Pulmonary hypertension


The Royal Free London is a national centre for diagnosis and treatment of pulmonary arterial hypertension (PAH). We are integrally linked with the connective tissue disease service at the Royal Free Hospital and enjoy close links with the interstitial lung disease service at the Royal Brompton Hospital. We have wide experience in all types of pulmonary hypertension and provide support to other centres in the UK.

What is pulmonary hypertension?

Watch our short film which explains what pulmonary hypertension is (duration 4:40).

Pulmonary hypertension is defined by a high pressure in the pulmonary arteries (25 mmHg or above). The most common causes are left heart disease (systolic or diastolic dysfunction or severe valvular disease), hypoxic lung disease (such as interstitial lung disease or COPD) or pulmonary emboli.

Pulmonary arterial hypertension on the other hand is an uncommon group of diseases where the pulmonary hypertension is due to disease of the pulmonary arterioles. The principal causes of pulmonary arterial hypertension are:

  • Idiopathic – often found in young women.
  • Connective tissue disease – most commonly scleroderma and scleroderma overlap.
  • Congential heart disease – in association with Eisenmenger’s syndrome.
  • Rare causes – there are many, including cirrhosis with portal hypertension, HIV, Schistosomiasis, sickle cell disease and use of slimming tablets like fenfluramine.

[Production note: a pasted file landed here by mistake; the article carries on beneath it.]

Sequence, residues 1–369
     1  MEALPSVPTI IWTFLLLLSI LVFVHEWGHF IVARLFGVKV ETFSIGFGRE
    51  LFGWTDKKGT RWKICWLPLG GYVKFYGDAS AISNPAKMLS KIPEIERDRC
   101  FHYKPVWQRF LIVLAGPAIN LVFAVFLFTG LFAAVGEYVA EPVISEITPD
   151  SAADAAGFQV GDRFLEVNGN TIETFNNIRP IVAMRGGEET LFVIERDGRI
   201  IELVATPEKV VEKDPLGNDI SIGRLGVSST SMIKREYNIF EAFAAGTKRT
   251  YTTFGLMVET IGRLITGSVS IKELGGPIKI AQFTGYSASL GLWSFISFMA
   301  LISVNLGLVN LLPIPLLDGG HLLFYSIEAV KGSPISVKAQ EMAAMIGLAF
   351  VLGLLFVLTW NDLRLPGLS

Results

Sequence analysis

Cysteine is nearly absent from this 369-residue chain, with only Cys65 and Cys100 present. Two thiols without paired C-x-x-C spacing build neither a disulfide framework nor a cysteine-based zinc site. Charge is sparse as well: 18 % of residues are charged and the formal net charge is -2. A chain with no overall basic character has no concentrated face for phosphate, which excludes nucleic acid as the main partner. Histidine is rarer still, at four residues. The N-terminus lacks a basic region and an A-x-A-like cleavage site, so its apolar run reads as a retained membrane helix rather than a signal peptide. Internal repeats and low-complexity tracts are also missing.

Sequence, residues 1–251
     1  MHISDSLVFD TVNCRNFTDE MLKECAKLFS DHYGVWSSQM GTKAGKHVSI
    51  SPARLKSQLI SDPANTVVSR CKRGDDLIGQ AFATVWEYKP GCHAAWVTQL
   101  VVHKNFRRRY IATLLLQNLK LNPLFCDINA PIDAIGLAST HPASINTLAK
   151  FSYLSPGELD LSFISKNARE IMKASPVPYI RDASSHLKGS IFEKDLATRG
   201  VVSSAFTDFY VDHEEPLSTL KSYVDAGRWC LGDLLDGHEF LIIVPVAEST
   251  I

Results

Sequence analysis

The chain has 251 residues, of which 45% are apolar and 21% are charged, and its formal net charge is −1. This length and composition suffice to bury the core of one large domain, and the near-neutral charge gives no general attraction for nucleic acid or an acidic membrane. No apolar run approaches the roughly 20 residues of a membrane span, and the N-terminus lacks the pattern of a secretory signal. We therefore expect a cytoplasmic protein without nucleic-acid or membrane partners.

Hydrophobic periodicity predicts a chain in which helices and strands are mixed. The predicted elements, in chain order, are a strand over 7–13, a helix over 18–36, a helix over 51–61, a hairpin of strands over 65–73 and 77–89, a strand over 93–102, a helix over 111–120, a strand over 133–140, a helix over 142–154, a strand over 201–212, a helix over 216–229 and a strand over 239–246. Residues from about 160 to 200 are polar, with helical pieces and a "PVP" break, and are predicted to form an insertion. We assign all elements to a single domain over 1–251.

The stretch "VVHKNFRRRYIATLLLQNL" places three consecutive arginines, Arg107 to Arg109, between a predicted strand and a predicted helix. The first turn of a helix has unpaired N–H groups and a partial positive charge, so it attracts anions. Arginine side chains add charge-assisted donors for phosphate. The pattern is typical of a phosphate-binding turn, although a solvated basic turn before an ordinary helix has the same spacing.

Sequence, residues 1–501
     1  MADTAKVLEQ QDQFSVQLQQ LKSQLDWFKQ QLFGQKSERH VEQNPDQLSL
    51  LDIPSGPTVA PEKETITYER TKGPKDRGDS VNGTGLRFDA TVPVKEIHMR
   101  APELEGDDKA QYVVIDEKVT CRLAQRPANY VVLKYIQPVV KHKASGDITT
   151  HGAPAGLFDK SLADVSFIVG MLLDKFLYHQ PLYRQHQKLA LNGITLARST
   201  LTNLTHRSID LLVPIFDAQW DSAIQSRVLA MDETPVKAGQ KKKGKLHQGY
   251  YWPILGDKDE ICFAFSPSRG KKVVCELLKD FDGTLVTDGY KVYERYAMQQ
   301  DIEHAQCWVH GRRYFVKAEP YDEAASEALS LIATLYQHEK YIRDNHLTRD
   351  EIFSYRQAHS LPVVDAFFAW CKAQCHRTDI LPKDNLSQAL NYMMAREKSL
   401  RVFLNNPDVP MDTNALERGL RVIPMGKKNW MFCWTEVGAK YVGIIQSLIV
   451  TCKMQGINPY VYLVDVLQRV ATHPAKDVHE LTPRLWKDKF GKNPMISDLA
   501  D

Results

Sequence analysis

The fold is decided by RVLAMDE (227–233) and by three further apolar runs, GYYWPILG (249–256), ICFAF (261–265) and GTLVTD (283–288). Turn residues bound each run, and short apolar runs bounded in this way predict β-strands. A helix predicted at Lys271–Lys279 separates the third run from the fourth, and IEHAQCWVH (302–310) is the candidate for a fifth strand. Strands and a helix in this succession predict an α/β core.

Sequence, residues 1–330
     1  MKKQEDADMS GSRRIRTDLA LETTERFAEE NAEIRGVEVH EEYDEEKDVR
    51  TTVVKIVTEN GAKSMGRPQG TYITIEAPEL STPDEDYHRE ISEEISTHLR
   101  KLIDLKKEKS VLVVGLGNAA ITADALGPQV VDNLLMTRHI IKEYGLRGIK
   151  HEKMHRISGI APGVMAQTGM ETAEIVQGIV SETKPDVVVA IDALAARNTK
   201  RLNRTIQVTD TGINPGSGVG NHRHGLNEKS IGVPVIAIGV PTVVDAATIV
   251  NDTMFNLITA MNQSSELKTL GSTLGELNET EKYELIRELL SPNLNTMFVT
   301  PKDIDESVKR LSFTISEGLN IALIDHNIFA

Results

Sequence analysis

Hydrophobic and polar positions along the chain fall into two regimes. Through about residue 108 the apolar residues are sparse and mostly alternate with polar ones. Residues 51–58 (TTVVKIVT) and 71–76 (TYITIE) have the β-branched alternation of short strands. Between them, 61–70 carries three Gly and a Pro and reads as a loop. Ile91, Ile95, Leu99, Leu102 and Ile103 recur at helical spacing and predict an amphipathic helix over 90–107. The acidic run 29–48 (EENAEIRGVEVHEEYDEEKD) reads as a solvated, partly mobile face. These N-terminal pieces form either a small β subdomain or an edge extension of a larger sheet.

Although this distinction between pulmonary arterial hypertension (PAH) and pulmonary hypertension (PH) is pivotal in deciding treatment options, the terms are often used interchangeably particularly when talking to patients.

Pulmonary hypertension is a sequel of pulmonary emboli in 2-4% of cases. This can sometimes be treated with surgical removal of the occlusive material. Although not strictly part of PAH, the investigations and management overlap so these patients are also managed by pulmonary hypertension specialists.


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Referral details

At the Royal Free London we are pleased to see any patient suspected of having pulmonary hypertension.

Patients who are breathless usually undergo investigations including an ECG, echocardiography, pulmonary function tests, chest x-ray and if necessary a CT chest scan before being referred for consideration of pulmonary hypertension.

Pulmonary hypertension should be considered in patients with unexplained progressive breathlessness, unexplained right heart failure or exertional presyncope or syncope. It should be considered particularly in patients with conditions that can predispose to pulmonary hypertension such as congenital heart disease, connective tissue disease, liver failure, pulmonary emboli and HIV.

If you are a GP or other health professional and would like to refer us a patient, please send a letter together with these investigation results to us. In urgent cases, please contact the pulmonary hypertension fellow or cardiology registrar on call to discuss the case with us.

The Team